In light of the Coronavirus outbreak in mid-March of 2020, Punahou students have been using social media more often to pass the downtime spent at home and make up for the lack of in-person interactions. However, for many, their time spent in quarantine has also caused them to evaluate the role of social media in their lives.
Prior to the shutdown in March, most students used social media platforms (such as Instagram, Snapchat, and Tiktok) to broadcast important aspects of their life and stay updated with others’ lives as well.
While these motives still hold true today, the sudden change in lifestyle provided students with more time to think about the importance of social media, which prompted a flip in perspective.
Jacie Higa ‘21 spent the much of the duration of quarantine reflecting on how she uses social media, especially in context with the global pandemic. “With everything going on in the world, I was more so not wanting to share my own personal life,” she shared. “Apps like Instagram felt more insignificant at some point.”
Similarly, Sydney Aoki ‘21 challenged herself to take a step back from posting. “It’s more important to just be in the moment and take pictures for memories’ sake, rather than with the intentions of posting,” she said.
Even with students’ newfound awareness, most are quick to acknowledge that social media has been a source of light during this time of uncertainty.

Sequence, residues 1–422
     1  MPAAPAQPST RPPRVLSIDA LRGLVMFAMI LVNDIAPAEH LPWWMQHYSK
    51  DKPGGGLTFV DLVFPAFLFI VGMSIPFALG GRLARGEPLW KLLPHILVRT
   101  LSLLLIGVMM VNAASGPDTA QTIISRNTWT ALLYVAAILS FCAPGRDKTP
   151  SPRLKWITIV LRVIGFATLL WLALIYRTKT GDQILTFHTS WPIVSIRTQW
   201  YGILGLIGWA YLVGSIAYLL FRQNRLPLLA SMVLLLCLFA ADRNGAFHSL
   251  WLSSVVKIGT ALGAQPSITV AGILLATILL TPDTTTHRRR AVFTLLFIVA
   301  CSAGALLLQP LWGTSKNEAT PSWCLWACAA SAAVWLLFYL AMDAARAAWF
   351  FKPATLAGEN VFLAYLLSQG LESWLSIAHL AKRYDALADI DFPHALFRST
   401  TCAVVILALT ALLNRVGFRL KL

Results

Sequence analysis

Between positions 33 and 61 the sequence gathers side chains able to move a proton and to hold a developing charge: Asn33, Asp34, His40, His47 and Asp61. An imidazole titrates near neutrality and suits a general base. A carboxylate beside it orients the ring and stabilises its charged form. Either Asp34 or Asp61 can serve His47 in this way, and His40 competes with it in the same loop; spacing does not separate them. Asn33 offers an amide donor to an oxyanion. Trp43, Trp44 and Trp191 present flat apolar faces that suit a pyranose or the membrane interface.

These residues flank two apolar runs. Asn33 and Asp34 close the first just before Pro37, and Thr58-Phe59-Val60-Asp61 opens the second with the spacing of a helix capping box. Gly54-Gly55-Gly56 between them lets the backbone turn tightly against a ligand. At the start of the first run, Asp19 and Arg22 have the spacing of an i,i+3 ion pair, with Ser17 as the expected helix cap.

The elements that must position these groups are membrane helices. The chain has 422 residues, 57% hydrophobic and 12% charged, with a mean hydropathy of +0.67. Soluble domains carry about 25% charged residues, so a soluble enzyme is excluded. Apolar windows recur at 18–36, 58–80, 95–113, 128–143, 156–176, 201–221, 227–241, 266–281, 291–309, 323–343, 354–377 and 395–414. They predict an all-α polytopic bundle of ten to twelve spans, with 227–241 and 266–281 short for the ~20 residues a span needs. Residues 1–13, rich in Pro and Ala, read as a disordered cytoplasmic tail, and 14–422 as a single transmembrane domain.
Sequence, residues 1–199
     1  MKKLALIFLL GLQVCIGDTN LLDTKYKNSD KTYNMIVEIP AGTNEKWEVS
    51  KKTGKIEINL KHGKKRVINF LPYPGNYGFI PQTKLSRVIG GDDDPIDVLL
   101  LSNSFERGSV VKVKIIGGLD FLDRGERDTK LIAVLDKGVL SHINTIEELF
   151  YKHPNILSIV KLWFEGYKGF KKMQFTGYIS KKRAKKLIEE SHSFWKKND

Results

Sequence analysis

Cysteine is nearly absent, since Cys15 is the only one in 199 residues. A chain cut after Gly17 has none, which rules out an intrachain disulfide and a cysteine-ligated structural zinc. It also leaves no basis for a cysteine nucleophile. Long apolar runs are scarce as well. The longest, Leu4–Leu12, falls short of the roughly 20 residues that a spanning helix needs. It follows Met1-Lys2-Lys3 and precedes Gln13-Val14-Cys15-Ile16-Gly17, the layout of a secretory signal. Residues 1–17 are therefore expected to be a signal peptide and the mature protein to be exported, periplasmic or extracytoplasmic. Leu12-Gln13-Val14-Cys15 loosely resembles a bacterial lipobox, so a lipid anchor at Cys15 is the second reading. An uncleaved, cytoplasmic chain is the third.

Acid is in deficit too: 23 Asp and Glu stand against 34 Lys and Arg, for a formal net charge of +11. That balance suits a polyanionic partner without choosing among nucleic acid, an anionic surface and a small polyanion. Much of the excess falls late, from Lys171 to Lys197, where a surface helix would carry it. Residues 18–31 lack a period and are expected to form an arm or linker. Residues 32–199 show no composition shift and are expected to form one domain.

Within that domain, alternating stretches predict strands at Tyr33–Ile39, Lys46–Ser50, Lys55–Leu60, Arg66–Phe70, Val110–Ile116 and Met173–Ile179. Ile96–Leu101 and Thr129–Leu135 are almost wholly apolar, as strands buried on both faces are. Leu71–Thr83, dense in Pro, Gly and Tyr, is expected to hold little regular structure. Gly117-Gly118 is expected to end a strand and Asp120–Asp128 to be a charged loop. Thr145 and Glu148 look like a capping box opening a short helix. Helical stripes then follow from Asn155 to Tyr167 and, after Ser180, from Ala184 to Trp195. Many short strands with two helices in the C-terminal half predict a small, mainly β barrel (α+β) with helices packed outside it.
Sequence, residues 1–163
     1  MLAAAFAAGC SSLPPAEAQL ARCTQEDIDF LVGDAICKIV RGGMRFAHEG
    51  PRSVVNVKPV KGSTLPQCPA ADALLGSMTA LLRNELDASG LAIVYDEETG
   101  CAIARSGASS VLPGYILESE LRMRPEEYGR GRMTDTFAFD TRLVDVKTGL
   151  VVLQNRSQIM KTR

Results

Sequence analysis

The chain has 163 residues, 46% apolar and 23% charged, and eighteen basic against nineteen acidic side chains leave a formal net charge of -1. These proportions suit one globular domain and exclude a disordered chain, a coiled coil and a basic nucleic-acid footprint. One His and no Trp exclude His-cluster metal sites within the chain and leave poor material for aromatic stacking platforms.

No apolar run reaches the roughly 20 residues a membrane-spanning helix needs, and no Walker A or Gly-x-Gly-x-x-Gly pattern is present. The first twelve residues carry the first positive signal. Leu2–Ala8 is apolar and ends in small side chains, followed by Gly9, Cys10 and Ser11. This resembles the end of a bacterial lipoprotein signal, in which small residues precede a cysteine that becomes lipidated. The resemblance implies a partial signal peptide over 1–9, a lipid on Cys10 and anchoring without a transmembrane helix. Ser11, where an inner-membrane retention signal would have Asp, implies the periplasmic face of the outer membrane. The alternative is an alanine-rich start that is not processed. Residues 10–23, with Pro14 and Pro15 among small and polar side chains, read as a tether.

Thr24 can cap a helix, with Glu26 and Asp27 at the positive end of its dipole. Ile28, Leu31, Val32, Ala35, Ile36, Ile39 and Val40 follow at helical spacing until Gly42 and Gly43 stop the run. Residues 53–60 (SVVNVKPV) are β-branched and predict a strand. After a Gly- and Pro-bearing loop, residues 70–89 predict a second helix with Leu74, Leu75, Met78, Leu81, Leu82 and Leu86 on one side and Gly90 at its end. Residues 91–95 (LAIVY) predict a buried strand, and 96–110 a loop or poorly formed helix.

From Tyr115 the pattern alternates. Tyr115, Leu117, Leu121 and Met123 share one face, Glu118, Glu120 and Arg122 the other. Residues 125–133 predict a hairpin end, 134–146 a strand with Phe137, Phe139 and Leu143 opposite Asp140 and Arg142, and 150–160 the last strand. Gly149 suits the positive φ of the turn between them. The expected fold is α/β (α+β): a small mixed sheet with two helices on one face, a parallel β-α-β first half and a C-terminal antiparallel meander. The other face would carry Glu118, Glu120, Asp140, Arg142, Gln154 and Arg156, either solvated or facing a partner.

“Through social media, students are more able to connect with their peers and maintain groups of friends,” said Lisa Stewart, Class of 2021 Dean.
The student body validated Mrs. Stewart’s statement, especially following the death of George Floyd and the resurgence of the Black Lives Matter movement in May. Many students shifted the use of their platforms to inform others and share their own voices on current events and issues.
“When I read something interesting or see a thread about an important issue or view, I like to post it because it’s something I learned and think it would be important for others to learn too,” shared Maisie Klem ‘21. “I hope that my posts will stimulate conversations and broaden people’s perspectives.”
Through her Instagram stories, Klem has been a prominent advocate for many social causes and continues to inspire many students, such as Emma Nitao ‘21.
“I’ve gotten more interested in being informed and knowing what’s happening in the world, especially since now is such a pivotal time with the elections, Coronavirus, and Black Lives Matter,” said Nitao. “I noticed a lot more people are starting to use social media as a positive outlet.”
For Higa and Aoki, their changed mindsets toward social media led them to explore different platforms and uncover new interests.
“Nowadays, most of my social media involves Spotify. I realized how much I like finding new music and making playlists,” Higa stated. “I would say it’s a form of self expression for me.”
Aoki developed a love for K-Pop during quarantine, which led her to use Twitter frequently. “I get to interact with a lot more people now,” she said. “I like how the tweets feel more authentic compared to Instagram or Snapchat.”
Despite their varying uses and perspectives, the students agree that it’s more important than ever to be mindful of their contributions and takeaways from the online community, while also taking the time to maintain a healthy balance.
“I think there tends to be a lot of overstimulation, so social media definitely needs to be used in moderation,” said Klem. “If you use it correctly and in a smart way, it can be the jumping off point for learning about certain issues and connecting with others.”